It is 25 July, 1898, and the location is the River Thames above Putney Bridge. Harry Blackstaffe (Vesta RC), the holder of the Wingfield Sculls, the amateur championship of the Thames and Great Britain, is getting ready to defend his title against B. Hunting Howell (Trinity Hall, Cambridge), who three days earlier had won the trial heat by beating C. H. R. Thorn of London RC. The day before the trial heat, 21 July, Blackstaffe had taken the London Cup at the Metropolitan Regatta. The previous year, Blackstaffe had easily won his first Wingfields in 23 minutes 58 seconds, four lengths in front of Howell, who was six lengths ahead of A. F. G. Everitt (London RC).

In the photograph on top, Blackstaffe is closest to the camera and in between the stake boats we can see the Vesta oarsman’s pilot boat, an eight, getting ready to follow their man and ‘pilot’ him the whole championship course from Putney to the finish line at Mortlake. In the background are Howell and his pilot boat. As usual the pilot boats are missing their bow men, instead the ‘pilots’ have taken that seat and will face forward to guide their scullers over the course.

The race ‘produced a most extraordinary contest’ The Times wrote in a report the day after the race, on 26 July. Blackstaffe went out quickly at the start and got a good lead, while Howell, or as The Times wrote, ‘the Cantab’, was not used to the quick tide at Putney Bridge. At Putney Reach, Blackstaffe was two boat lengths ahead, which at the Mile Post had become three and a half lengths. Passing the Hammersmith Bridge, the Londoner’s time was 8 minutes 53 seconds while Howell’s was 9 minutes. At Barnes Bridge, Blackstaffe was four lengths in front. To the on-lookers, including the umpire Gilbert Kennedy of Kingston RC (winner of the 1893 Wingfields) on the paddle steamer that followed the race, it looked like the sculler from Vesta RC had the championship title in the bag.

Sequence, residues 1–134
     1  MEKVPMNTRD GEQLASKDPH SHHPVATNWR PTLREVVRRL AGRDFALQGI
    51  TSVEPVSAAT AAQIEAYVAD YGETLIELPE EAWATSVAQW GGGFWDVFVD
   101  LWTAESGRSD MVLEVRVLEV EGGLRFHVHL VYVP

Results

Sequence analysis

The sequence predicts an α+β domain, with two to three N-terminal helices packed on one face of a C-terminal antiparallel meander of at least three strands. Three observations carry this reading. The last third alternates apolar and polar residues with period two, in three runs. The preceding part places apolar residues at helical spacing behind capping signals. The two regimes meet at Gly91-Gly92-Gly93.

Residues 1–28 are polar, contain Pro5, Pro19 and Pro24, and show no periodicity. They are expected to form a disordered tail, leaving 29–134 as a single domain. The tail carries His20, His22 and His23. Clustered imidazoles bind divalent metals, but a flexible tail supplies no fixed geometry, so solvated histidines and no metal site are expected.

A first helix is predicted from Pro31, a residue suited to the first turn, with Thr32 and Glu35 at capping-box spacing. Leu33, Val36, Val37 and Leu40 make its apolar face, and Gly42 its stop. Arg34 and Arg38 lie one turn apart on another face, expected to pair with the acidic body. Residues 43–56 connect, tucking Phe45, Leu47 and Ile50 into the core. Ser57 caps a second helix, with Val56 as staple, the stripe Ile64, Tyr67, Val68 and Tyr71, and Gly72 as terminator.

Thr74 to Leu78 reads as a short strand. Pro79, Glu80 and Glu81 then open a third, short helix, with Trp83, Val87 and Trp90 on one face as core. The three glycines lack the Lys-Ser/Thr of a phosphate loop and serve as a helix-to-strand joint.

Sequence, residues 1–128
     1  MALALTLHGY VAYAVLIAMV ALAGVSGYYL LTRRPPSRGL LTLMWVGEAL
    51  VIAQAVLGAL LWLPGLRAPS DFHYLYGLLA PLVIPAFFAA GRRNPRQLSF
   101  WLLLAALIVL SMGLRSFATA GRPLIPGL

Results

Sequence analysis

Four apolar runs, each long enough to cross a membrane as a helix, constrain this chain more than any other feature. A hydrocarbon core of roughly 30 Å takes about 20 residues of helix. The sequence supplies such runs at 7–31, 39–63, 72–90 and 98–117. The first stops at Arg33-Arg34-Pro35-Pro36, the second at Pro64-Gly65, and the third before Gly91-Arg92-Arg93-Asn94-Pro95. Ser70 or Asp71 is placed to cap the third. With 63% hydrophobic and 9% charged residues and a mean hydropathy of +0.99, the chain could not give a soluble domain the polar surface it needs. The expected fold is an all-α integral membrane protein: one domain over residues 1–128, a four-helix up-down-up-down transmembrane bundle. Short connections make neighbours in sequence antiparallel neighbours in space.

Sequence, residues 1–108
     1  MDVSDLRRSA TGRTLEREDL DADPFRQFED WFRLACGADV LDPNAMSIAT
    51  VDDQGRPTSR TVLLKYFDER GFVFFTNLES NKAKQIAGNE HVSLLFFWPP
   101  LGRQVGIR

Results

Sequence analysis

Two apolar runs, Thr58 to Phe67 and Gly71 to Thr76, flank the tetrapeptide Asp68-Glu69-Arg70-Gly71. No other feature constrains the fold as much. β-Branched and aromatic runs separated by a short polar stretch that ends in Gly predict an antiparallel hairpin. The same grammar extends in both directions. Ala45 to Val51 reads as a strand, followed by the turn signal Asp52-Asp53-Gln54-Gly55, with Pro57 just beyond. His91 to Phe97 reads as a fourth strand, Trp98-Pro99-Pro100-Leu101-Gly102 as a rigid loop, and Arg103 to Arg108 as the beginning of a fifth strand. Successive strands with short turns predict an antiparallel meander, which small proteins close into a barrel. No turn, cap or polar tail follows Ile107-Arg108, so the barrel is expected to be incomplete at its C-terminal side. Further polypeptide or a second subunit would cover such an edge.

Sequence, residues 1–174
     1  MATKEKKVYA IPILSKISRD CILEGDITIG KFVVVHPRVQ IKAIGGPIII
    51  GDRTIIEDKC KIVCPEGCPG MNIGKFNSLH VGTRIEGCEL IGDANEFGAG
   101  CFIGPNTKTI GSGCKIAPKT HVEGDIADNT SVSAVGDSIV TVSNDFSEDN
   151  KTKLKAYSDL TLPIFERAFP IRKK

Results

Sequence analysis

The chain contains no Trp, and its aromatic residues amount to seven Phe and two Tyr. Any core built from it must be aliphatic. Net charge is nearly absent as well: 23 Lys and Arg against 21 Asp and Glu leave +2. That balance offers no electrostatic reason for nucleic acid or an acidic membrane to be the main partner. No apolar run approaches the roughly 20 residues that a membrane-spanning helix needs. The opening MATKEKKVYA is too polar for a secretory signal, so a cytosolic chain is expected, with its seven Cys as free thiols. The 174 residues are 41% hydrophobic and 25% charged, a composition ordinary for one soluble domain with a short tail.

With half a mile to go, Blackstaffe began to look a little unsteady in his boat and had a slight problem with his steering, but Howell was still three lengths down. Suddenly, the Hall man began a tremendous spurt, rapidly gaining on Blackstaffe, who could not respond and was ‘quickly failing in strength’. All of a sudden, the Vesta man stopped rowing with 50 yards to go, totally exhausted. Howell passed him, got a couple of lengths lead, and stopped rowing, too, all pumped out. Nonetheless, the speed of his boat took him over the finish line in the new record time of 22 minutes 57 seconds. This was the second time a Trinity Hall man had won the Wingfields. The first one was James Bayford, who was the first winner of the Henry Wingfield’s Silver Sculls in 1830. James’s brother, Augustus Fredrick Bayford, who also rowed for the Hall, was in the first Cambridge crew in the Boat Race in 1829.

Wednesday, November 13, 2013